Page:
Icefall doctors at base camp to fix Everest route for autumn
Only three summits in 15 years
• American climber Eric Larsen and his team in 2010
• American climber Dave Hahn-led team in 2006
• Slovenian extreme-skier Davo Karnicar in 2000
Kathmandu, August 17
Putting aside a task of rebuilding their own homes destroyed by the devastating April earthquake, icefall doctors are now stationed at an altitude of 5,380m in the Mt Everest region to prepare a climbing route above the base camp for the autumn season that sets to begin on the September equinox.
“With a high hope to restore adventure tourism activities in Mt Everest region in upcoming season, we plan to begin rope fixing work in the treacherous icefall section after conducting a ground survey by next week,” leading icefall doctor Ang Kami Sherpa of Chaurikharka, Solukhumbu, told this daily over phone immediately after arriving at base camp yesterday. The disaster-hit Mt Everest region is all prepared to welcome tourists, Sherpa, who lost his two homes in the earthquake, added.
Chairman Ang Dorjee Sherpa of Sagarmatha Pollution Control Committee, which has been assigned to handle icefall doctors and garbage in the Everest region by the government, confirmed that SPCC deployed a team of icefall doctors at the base camp to fix a climbing route after world climbers planned to summit different peaks, including Mt Everest, in autumn.
“Leaving their quake-hit families in makeshift camps, Ang Kami, Ang Dawa, Gelje and Nim Dorjee reached the base camp, along with a kitchen staff, to fix a route up to the Camp I,” he said.
Earlier, icefall doctors had established the central route in March after an avalanche struck the long-used traditional path near Camp I in 2014, killing 16 mountaineering support staff and guides. The last spring season had, however, seen no Mt Everest ascent, as the earthquake-triggered avalanche along the Khumbu glacier the buried base camp, killing at least 18 acclimatising climbers and high altitude workers.
According to Gyanendra Shrestha, an official at the Department of Tourism, more than five teams comprising climbers from Japan, US, Austria, Germany and UK have already applied for permits to climb different peaks, including Mt Everest and Mt Manaslu (8,163m).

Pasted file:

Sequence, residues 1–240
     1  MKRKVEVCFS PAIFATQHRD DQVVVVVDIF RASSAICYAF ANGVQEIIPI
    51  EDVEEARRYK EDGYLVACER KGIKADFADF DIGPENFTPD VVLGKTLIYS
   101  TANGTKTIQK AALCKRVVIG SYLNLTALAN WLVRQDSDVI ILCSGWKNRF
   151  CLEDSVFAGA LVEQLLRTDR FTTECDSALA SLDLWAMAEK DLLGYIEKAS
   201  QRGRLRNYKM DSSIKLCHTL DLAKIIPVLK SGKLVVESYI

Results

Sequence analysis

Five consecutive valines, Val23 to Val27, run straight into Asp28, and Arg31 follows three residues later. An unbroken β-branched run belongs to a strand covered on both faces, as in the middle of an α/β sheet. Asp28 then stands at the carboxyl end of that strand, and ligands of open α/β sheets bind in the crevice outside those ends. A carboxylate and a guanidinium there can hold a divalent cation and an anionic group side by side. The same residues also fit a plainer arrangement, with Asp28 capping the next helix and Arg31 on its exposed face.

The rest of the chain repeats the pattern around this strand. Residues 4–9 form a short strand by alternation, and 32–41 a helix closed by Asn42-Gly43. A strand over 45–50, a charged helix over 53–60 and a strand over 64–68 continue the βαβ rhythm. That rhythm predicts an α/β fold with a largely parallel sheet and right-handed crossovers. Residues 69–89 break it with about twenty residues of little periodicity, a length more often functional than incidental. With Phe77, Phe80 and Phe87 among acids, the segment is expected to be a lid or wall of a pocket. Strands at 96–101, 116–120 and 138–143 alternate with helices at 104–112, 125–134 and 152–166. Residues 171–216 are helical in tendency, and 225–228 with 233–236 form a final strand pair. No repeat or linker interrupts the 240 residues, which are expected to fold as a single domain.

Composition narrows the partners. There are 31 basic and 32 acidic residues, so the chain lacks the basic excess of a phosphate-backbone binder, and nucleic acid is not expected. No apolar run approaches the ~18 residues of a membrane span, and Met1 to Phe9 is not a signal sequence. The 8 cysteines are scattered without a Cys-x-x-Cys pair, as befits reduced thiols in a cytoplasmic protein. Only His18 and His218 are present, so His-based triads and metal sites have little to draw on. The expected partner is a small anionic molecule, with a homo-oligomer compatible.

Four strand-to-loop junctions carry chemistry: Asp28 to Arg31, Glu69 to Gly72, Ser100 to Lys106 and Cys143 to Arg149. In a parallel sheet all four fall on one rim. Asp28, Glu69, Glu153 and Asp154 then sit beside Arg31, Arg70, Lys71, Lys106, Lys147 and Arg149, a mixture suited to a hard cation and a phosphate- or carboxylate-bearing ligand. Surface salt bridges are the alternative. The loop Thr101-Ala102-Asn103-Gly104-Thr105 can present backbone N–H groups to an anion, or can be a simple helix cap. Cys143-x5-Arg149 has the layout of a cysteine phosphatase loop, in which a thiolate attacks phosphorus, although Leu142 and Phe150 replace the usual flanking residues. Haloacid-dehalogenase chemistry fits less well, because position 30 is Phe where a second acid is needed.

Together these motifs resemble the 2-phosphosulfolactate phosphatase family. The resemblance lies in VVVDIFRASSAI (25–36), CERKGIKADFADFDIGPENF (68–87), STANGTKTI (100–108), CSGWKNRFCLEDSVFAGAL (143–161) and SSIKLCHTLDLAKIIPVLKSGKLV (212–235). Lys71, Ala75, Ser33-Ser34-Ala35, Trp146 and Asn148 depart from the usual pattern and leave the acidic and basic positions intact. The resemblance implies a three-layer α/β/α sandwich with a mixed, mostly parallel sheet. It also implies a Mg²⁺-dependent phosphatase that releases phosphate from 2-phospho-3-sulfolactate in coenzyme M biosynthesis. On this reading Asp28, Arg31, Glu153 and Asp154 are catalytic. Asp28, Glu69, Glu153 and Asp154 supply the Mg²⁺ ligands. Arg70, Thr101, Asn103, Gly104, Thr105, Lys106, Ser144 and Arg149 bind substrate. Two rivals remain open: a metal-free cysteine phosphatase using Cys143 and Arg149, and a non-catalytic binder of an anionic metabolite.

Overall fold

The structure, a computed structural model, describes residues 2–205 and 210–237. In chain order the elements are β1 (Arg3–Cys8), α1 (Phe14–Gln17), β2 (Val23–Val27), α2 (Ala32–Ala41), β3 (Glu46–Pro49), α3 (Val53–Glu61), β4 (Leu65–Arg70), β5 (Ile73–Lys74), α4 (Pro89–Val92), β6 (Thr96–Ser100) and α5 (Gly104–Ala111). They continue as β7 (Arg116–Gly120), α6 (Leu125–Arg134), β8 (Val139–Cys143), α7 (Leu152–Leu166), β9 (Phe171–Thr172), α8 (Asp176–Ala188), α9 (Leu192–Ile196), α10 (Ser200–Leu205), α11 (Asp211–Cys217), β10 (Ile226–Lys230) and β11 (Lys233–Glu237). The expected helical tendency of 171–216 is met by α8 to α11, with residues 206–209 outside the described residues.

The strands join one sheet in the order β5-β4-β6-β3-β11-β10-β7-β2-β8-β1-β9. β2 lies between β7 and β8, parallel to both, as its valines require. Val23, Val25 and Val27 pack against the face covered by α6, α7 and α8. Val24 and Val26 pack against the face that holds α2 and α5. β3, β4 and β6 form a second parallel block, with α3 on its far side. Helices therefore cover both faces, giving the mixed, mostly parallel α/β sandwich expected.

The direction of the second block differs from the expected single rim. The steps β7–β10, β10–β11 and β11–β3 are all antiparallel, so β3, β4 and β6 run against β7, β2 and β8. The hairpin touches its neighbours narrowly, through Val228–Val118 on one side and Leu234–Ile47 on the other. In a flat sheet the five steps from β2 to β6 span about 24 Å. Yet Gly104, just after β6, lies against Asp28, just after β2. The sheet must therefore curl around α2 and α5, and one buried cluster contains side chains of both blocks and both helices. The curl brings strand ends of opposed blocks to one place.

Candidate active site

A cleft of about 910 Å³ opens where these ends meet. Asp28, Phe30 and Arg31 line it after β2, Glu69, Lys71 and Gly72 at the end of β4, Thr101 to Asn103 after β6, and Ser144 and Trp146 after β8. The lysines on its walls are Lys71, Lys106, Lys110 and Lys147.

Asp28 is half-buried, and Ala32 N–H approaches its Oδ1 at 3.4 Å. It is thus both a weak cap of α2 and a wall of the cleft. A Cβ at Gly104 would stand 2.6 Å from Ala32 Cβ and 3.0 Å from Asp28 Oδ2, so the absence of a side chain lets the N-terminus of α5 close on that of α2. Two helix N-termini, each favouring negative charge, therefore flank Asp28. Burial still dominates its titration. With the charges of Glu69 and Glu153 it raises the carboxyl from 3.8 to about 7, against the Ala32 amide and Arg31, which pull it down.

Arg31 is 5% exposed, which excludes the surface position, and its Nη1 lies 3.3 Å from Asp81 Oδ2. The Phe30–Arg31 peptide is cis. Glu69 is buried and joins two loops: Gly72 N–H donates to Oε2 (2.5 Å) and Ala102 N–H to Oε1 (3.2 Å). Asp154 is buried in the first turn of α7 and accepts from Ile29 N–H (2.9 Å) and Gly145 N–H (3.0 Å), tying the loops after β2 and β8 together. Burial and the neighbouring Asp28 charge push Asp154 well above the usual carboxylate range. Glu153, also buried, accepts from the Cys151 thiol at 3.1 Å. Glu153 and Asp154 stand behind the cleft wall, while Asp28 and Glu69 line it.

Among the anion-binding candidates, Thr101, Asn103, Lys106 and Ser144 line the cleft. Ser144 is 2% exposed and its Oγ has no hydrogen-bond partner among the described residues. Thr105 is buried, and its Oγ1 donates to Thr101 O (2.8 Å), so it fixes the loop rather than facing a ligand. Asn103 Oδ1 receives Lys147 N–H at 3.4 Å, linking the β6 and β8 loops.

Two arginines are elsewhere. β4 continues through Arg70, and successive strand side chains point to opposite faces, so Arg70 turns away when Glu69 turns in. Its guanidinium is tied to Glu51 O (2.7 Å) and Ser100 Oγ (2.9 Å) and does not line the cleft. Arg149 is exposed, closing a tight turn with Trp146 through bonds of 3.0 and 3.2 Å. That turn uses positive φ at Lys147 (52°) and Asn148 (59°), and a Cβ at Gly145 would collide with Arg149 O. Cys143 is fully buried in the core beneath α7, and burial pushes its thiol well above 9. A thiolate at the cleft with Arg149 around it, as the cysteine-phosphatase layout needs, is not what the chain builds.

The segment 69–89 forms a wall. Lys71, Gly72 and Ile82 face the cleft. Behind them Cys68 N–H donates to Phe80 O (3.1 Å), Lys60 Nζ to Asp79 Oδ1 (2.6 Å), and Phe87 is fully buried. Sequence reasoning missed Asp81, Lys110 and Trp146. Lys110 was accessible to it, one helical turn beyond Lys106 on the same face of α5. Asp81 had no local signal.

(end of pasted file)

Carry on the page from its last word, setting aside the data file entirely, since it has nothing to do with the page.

Tika Ram Gurung, Managing Director at Bochi-Bochi Treks, said a team of six Japanese mountaineers would embark on a trek to Mt Everest region by the end of this month while two of them - Nobukazu Kuriki and Masaru Kadotani – would attempt a rare autumn summit of the world’’s highest peak.
According to DoT, an eight-member team led by Austrian climber Andreas Neuschmid also applied for a permit to climb Mt Manaslu, while Trekking Camp Nepal informed that it would run a South Korean expedition on Mt Lhotse (8,516m) in autumn. “Along with Mt Everest, climbers attempting Mt Lhotse and Mt Nuptse also need to cross the Icefall route which is being fixed by the icefall doctors,” Shrestha said.
Expedition operators also hoped that there would be more teams on Mt Manaslu and Mt Amadablam, among other peaks, in the autumn, as most of the climbers prepared to continue Nepal expeditions following their recent unsuccessful summer attempts on Mt K2 and Broad peak. Hordes of climbers have also announced to switch to Mt Manaslu for expedition after Chinese authority announced to close usual autumn climbing on Shishapangma and Cho-Oyu peaks fearing protests on the 50th anniversary of controlling Tibet, they added.